Wild animals don’t want to be in your selfies. Thankfully, there’s no need to harm a living, feeling being in order to take a cool picture. No one has to visit cruel roadside zoos to get close to animals when augmented reality (AR) technology from Google lets you project a 3D tiger right into your safer-at-home digs. You’ll just need a smartphone or tablet to take your animal-friendly tiger selfie.
Be a Tiger King or Queen Without Supporting Cruelty—Take an AR Selfie!
Here’s how to do it:
- On your phone, go to Google and search “tiger.”
- Under “Overview,” tap “View in 3D.” Then tap “AR.”
- Aim your camera and BAM! Now there’s a “tiger” in your room.
Check out this quick video to see how it works:
Want to be a tiger king/queen? Here’s how to do it without the cruelty.
The best news is that these AR tigers won’t ever miss their mothers, feel pain or distress, or lash out in frustration the way real tigers used for entertainment do.
What Do Tigers Used in Photo Ops Have to Endure?
In nature, tiger cubs stay with their protective and nurturing mothers for up to two years, but those used for photo ops are torn away from their mothers when they’re just hours, days, or weeks old. Like any other young animals (including human babies), tiger cubs require a lot of sleep, but ones in captivity are often not afforded adequate rest. Cold and heat stress, malnutrition, exhaustion, and infectious diseases affect many of these likely terrified cubs, particularly the youngest ones, whose immune systems aren’t fully developed yet.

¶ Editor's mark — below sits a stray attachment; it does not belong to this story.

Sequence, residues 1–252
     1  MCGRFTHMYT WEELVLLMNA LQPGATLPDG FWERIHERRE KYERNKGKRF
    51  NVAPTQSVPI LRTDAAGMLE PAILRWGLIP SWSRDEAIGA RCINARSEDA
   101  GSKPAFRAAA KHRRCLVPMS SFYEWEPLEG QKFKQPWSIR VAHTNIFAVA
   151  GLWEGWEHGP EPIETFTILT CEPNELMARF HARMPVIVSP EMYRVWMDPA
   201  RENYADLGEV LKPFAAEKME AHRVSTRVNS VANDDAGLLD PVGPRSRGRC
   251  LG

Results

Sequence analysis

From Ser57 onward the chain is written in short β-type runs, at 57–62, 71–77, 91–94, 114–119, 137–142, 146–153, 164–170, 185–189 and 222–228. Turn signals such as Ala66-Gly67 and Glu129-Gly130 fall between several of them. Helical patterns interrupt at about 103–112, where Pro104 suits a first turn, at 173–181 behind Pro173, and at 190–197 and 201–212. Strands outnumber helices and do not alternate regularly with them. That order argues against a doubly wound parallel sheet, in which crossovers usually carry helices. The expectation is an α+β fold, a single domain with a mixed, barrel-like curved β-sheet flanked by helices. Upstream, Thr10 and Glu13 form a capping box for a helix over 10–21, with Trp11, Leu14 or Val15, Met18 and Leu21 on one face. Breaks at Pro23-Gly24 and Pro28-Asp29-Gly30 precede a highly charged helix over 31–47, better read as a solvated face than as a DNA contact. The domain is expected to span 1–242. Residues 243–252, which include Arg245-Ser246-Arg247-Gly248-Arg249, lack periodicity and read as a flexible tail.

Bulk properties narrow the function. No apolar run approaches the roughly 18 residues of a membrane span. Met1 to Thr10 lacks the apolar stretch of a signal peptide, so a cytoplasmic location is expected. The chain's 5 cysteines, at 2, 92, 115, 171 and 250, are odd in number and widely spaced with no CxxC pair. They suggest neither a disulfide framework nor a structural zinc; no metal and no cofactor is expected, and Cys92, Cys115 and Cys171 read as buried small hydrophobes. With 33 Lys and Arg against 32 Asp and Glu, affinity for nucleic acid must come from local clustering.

Once cubs grow beyond photo-op age (which is, at most, when they’re only a few months old), most are relegated to dingy cages in roadside zoos and sometimes used for breeding to perpetuate the cycle. Some are even killed.
Take Action for Tigers
Did you know that big cats have a unique hyoid bone and large vocal cords that allow them to emit a deep, fierce roar? You could hear a tiger roaring from up to 2 miles away—and that’s as close as you’d ever need to be. Please, never visit roadside zoos, marine parks, or any other businesses that profit from exploiting animals.
For more interesting facts about animals, check out Animalkind. Then join the tens of thousands of people who have taken action for tigers in roadside zoos: